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Mayor Walsh Vetoes $20,000 City Council Raises

This article is more than 5 years old.

Boston Mayor Marty Walsh has vetoed a $20,000 pay raise for city councilors, his office has confirmed.

On a 9-4 vote earlier this month, the council voted to give itself a nearly 23 percent pay raise, effective January 2016. The raise would hike councilor pay from $87,500 to $107,500.

Walsh had 15 days to act on the vote. The Boston City Council needs a two-thirds majority to override Walsh's veto; the earlier 9-4 margin, if maintained in another vote, would suffice.

Kate Norton, a spokeswoman for Walsh, told The Associated Press that Walsh plans to request an independent analysis of how much the councilors should be paid.

"The mayor planned to appoint five members to a compensation advisory board and will ask the panel to make salary recommendations within 90 days," The Associated Press reported, citing Norton. "The board currently exists but has been dormant for several years."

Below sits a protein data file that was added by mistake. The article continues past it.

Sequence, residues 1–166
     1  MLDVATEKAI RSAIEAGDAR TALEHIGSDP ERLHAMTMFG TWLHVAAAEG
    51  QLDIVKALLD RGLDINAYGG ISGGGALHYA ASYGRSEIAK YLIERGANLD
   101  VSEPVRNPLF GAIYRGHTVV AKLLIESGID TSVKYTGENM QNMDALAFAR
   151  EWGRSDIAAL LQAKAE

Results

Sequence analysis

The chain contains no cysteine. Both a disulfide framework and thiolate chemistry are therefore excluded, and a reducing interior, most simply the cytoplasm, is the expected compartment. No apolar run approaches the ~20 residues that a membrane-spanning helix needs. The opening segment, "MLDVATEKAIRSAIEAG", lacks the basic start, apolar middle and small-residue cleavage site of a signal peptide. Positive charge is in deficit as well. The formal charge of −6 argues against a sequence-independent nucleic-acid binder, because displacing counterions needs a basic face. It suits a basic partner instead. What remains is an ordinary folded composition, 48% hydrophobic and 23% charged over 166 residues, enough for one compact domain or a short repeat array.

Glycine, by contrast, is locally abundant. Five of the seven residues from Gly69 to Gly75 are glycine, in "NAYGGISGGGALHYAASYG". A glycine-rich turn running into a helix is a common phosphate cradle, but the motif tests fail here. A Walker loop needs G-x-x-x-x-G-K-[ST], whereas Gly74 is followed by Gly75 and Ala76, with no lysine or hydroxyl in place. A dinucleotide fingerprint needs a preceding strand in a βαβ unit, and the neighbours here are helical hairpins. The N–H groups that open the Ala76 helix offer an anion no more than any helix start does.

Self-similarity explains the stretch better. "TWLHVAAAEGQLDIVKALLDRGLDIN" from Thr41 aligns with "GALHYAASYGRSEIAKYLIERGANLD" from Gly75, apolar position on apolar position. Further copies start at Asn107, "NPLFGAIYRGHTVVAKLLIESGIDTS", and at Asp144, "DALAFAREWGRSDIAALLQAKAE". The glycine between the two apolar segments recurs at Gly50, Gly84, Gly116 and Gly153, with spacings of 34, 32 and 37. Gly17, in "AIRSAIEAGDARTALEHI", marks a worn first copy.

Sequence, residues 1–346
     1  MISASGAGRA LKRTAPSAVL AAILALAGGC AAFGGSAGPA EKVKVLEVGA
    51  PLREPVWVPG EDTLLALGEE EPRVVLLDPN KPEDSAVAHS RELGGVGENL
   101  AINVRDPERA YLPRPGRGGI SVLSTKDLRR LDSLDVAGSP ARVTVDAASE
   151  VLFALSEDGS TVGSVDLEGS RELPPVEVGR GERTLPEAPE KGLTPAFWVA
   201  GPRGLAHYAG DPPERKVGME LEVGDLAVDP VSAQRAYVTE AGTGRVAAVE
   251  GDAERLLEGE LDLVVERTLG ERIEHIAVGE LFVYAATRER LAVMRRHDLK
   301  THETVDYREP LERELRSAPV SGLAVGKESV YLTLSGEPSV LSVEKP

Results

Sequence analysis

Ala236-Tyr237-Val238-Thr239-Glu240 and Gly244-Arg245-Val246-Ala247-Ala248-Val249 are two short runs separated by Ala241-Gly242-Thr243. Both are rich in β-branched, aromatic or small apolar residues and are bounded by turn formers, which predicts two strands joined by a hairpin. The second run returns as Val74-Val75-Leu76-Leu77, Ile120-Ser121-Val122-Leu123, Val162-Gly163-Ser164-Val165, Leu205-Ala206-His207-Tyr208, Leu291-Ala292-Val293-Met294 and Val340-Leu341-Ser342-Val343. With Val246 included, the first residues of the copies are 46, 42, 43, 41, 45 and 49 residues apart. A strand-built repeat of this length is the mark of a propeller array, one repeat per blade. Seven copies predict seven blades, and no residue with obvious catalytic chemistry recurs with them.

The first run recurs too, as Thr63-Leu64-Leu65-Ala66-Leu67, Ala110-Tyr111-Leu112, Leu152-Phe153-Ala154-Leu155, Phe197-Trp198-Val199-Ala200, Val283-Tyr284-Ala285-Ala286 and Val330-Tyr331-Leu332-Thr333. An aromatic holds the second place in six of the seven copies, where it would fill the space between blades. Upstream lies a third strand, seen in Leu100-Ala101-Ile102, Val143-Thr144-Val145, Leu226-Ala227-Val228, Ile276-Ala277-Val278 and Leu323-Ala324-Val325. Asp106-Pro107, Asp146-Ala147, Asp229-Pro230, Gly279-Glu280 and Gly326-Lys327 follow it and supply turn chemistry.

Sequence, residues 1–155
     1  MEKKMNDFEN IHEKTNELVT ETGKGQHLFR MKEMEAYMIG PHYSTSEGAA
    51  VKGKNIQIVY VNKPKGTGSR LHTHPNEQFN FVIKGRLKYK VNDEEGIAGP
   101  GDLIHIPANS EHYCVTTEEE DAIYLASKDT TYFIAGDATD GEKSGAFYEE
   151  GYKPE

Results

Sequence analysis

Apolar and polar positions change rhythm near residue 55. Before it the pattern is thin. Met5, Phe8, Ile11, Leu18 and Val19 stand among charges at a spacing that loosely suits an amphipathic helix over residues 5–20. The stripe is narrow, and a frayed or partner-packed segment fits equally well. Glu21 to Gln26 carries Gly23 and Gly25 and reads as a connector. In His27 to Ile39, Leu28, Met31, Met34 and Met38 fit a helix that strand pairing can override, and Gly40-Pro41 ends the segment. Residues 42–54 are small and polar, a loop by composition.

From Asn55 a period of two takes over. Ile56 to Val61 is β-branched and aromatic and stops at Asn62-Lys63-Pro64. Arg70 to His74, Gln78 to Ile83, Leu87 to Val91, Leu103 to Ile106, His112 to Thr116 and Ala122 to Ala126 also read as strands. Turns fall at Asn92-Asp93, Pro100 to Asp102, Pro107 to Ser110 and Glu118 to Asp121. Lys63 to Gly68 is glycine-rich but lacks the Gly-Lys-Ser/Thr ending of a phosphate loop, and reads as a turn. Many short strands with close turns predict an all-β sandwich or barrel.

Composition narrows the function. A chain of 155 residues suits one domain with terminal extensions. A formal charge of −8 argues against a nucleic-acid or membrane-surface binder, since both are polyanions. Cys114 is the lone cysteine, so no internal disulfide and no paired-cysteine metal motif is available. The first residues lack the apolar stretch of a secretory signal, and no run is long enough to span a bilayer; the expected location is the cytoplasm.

The council vote on Oct. 8 followed a politically awkward debate, in which councilors discussed their own pay level.

An initial plan, put forth by City Council President Bill Linehan, would have raised pay by $25,000, effective immediately.

Linehan maintains councilors are overdue for a pay hike. Their last raise was in 2006, and it increased pay by 16.7 percent.

The raises have drawn criticism from those who point to lower salaries for state legislators and councilors from other large U.S. cities.

-- Here's how Boston councilor pay currently compares to some other cities':

[asset]2014/0929_city-councilor-salary-us/[/asset]

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